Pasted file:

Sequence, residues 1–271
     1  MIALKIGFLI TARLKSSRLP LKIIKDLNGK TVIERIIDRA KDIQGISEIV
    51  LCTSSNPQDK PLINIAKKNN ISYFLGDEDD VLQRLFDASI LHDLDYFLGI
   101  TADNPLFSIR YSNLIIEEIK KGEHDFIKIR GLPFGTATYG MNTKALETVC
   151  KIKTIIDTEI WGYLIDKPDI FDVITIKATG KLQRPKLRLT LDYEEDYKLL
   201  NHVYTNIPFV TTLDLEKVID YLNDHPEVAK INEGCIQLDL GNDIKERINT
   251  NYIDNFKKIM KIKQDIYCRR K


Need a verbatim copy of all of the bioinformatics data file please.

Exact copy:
Sequence, residues 1–271
     1  MIALKIGFLI TARLKSSRLP LKIIKDLNGK TVIERIIDRA KDIQGISEIV
    51  LCTSSNPQDK PLINIAKKNN ISYFLGDEDD VLQRLFDASI LHDLDYFLGI
   101  TADNPLFSIR YSNLIIEEIK KGEHDFIKIR GLPFGTATYG MNTKALETVC
   151  KIKTIIDTEI WGYLIDKPDI FDVITIKATG KLQRPKLRLT LDYEEDYKLL
   201  NHVYTNIPFV TTLDLEKVID YLNDHPEVAK INEGCIQLDL GNDIKERINT
   251  NYIDNFKKIM KIKQDIYCRR K